Staff shortages in state hospitals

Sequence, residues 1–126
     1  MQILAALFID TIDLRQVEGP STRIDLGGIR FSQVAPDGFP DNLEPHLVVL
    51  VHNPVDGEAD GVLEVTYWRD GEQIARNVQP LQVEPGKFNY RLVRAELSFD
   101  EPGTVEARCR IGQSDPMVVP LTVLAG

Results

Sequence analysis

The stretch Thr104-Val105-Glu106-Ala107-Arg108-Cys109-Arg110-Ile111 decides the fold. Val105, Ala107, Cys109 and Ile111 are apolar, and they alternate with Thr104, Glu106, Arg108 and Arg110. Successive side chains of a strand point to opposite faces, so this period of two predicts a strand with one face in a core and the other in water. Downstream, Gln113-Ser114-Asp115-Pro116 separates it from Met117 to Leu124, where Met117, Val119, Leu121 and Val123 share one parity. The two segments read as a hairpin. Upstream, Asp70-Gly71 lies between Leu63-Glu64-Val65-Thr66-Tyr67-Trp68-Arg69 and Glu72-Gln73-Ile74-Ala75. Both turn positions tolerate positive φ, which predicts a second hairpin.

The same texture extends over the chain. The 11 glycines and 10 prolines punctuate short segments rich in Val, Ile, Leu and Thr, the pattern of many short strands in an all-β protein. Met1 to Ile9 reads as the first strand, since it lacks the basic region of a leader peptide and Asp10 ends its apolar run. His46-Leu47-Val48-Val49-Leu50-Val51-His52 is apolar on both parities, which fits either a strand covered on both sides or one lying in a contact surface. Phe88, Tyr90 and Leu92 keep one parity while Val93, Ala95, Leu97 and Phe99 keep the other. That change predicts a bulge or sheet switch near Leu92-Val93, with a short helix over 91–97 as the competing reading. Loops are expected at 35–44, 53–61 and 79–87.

Staff data made public yesterday by Health Minister Apostolos Kaklamanis once again underscored shortages as the greatest ill besetting Greece’s National Health System (ESY). According to ministry figures, there are just 43,248 nurses for 22,472 doctors – that is, the doctor/nurse ratio is near 1:2 when that in other countries of the European Union is 1:3 or even higher. The problem is not just about statistical data. The lack of trained staff is one of the main reasons behind the disgraceful conditions facing patients and doctors in state clinics, with hordes of relatives being mobilized as substitute emergency medical staff. Although these people help cover vital needs, they disrupt the entire system. Health regulations are being violated whenever patients are surrounded by thousands of visitors who potentially carry all sorts of viruses. Moreover, relatives import their private ideas and habits on hygiene, quiet and visiting hours. The outcome is least flattering for state hospitals, which are far superior in terms of scientific expertise and infrastructure, with their state-of-the-art medical equipment. However, chronic staff shortages give the impression that patients have simply been abandoned to their fate in a despicable environment. It makes one wonder when the government has enough money to recruit scores of employees (or to set up something as pointless as a rural guard body) and at the same time stubbornly refuses to fulfill ESY staff needs. And yet it would be hard to find a better example of social policy than the hiring of extra medical staff. Such a move would give work to thousands of young people and at the same time improve medical treatment standards for millions of citizens. According to the data released yesterday by the Health Ministry, the average age of ESY doctors is 50 and for nurses 40. These figures indicate that the gates to the public health system are tightly closed for young doctors and nurses. That amounts to an unforgivable waste of human capital that has been trained at a very high cost. In itself, the publication of data does little to alleviate the problem. It also requires a brave political decision to embark on a new recruitment drive. After all, this is a rare sector where voters would agree to an extra strain on the state budget.

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